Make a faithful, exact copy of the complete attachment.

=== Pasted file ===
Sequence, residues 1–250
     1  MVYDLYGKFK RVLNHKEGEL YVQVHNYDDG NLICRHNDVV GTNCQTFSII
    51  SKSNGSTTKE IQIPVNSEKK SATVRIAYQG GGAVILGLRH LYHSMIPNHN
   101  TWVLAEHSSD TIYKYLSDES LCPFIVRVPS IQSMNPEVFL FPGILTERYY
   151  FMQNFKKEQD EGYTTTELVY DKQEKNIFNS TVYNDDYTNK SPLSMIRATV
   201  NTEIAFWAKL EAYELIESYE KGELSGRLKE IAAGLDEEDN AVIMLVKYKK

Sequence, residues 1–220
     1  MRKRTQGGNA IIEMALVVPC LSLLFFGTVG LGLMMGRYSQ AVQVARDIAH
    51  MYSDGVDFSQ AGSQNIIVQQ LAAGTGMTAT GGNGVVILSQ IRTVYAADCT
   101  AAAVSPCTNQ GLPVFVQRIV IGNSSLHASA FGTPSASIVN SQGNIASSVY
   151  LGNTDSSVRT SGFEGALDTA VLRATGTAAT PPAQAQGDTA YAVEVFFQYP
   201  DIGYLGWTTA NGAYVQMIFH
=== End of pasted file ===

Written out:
Sequence, residues 1–250
     1  MVYDLYGKFK RVLNHKEGEL YVQVHNYDDG NLICRHNDVV GTNCQTFSII
    51  SKSNGSTTKE IQIPVNSEKK SATVRIAYQG GGAVILGLRH LYHSMIPNHN
   101  TWVLAEHSSD TIYKYLSDES LCPFIVRVPS IQSMNPEVFL FPGILTERYY
   151  FMQNFKKEQD EGYTTTELVY DKQEKNIFNS TVYNDDYTNK SPLSMIRATV
   201  NTEIAFWAKL EAYELIESYE KGELSGRLKE IAAGLDEEDN AVIMLVKYKK

Sequence, residues 1–220
     1  MRKRTQGGNA IIEMALVVPC LSLLFFGTVG LGLMMGRYSQ AVQVARDIAH
    51  MYSDGVDFSQ AGSQNIIVQQ LAAGTGMTAT GGNGVVILSQ IRTVYAADCT
   101  AAAVSPCTNQ GLPVFVQRIV IGNSSLHASA FGTPSASIVN SQGNIASSVY
   151  LGNTDSSVRT SGFEGALDTA VLRATGTAAT PPAQAQGDTA YAVEVFFQYP
   201  DIGYLGWTTA NGAYVQMIFH